Screen 3.5" 640 x 960 LED backlit LCD 4.3” 800 x 480 LCD-TFT 4.3" 800 x 480 LCD-TFT 4.3" 960 x 540 S-LCD
Battery Integrated 5.254Whr Removable 5.18 Whr Removable 5.6 Whr Removable 5.62 Whr

Physically it’s obvious that each successive device builds on the former. They’re all backed with HTC’s trademark purple-grey metal and have similar in-hand feel as a result. When I look at the Sensation, I see the Desire crossed with the Desire HD. When I actually hold the Sensation, I feel like I’m holding a grown-up Nexus One.

The two share that trademark combination of slightly rubbery plastic and metal, and as a result the device feels grippy, solid, and confident. What the Sensation also really continues from the other devices is the lack of a hard lip of any kind at the edge, instead every corner rolls off giving the phone a smooth feeling. The sensation of holding something rigid and expensive is communicated by that combination of materials, rather than the cheap plasticky feel conveyed by a number of other handsets. 

The Sensation comes in the same style of packaging that we've seen other T-Mobile phones arrive in. It's a two-part box with a thin middle strip. The top lifts off revealing the phone, and underneath that is the usual paperwork, HTC AC adapter and microUSB cable, and earbuds. 

I started off making one monolithic video for the Sensation, but that ended up being unwieldy, so I split it into multiple parts. The first one is simply a look at the hardware from all angles, torn down, and how it compares to both HTC's legacy devices and some of its modern contenders. 

Physical Overview Continued
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  • Brian Klug - Friday, July 1, 2011 - link

    We're still waiting for an SGS2, hopefully we will get one soon from Samsung USA and be able to compare it in its final form.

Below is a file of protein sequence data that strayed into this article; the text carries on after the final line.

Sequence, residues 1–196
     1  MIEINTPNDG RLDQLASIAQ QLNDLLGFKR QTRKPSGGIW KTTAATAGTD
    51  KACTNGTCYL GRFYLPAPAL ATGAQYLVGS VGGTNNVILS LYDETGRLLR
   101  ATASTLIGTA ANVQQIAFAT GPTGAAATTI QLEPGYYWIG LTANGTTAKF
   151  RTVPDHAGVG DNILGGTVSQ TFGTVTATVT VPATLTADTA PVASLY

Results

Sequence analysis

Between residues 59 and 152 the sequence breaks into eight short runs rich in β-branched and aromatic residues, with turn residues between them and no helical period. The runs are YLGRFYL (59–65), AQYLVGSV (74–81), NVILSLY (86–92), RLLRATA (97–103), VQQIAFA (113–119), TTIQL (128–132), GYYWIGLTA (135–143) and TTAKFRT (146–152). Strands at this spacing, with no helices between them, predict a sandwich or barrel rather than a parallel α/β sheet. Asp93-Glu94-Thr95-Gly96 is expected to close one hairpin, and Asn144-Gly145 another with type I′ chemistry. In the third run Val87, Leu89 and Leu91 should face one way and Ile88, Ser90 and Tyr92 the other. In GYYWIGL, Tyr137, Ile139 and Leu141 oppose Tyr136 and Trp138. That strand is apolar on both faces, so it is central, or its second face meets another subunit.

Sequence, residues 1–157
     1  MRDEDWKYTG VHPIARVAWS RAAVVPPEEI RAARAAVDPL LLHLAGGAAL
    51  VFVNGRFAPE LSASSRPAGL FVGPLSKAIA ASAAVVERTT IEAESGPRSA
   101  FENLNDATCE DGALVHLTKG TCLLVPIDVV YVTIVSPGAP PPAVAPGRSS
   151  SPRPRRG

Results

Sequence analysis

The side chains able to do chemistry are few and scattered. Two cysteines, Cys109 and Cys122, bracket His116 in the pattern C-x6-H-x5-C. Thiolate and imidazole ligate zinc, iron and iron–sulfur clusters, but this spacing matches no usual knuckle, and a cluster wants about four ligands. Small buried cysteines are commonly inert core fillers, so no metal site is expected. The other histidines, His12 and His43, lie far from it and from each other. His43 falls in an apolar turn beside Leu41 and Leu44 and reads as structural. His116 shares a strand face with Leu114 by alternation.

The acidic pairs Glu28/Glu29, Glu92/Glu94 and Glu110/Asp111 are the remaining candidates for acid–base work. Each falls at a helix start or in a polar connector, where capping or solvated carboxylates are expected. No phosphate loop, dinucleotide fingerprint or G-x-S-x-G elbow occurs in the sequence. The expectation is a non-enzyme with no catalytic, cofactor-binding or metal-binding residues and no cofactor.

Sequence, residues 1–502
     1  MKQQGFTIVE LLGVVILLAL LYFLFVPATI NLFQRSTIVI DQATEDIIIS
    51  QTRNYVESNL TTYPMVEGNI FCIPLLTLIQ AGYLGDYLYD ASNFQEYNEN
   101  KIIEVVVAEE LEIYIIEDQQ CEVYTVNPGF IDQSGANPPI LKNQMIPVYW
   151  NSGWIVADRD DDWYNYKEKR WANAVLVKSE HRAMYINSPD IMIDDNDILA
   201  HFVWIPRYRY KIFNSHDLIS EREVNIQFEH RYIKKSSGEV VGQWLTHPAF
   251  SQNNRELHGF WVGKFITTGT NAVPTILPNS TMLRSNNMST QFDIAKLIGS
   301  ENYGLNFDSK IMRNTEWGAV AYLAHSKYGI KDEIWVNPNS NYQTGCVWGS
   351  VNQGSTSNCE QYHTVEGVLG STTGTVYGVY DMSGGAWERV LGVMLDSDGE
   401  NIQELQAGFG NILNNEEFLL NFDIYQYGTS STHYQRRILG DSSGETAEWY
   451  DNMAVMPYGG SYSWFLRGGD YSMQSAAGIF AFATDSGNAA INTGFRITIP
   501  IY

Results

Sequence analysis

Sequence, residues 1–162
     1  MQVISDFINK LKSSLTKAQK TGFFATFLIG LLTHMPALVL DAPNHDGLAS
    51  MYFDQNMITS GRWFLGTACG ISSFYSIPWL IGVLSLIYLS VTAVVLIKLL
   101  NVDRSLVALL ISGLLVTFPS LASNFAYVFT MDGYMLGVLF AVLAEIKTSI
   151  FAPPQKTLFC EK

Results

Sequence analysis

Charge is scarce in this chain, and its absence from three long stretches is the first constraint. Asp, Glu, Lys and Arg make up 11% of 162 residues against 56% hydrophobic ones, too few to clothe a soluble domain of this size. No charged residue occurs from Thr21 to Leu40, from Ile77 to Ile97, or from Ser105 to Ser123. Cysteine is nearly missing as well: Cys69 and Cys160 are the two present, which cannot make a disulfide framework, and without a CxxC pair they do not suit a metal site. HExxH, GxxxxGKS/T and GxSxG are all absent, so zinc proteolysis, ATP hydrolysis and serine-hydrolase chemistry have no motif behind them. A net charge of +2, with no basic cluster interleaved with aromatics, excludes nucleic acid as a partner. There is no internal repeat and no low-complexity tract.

Take care,
    Brian
    Reply
  • sam46 - Friday, July 1, 2011 - link

    brian,
    this is one of the few reviews which have praised sensation.but in my view your review is the best.
    i am saying this because i believe that unlike other reviewers you not only test mobile phones in your lab but also use them as in daytoday life as a normal user.this gives a better impression of the devices which you review.
    many reviewers have given more praises to sgs2 than sensation.they have based their views with the limited time which they had with the devices that too in their testing labs.but i believe that in real world usage sensation makes more sense than sgs2.and this has happened before with their older brothers that is desire and sgs.the reviewers had given more praises to the sgs but the actual users prefered desire over sgs.
    though samsung devices looks great on paper,users get frustated with their handsets.
    apart from htc in my view hp makes better handsets.lately they are catching up with the hardware but their design sucks.for example take pre3,may be its design makes more sense while handling and using it,but its looks are not good enough to make a good impression.now that they are putting single core1.4ghz processor in pre3,but still they are behind the competition of dualcores.but i do believe that pre3 will give a tough competition to all the dual core phones in terms of speed and performance because of a very light os that is the webos. webos is unarguably the best os out there which is slick and fast,easy to use interface,better management of memory,provides true multitasking,provides a great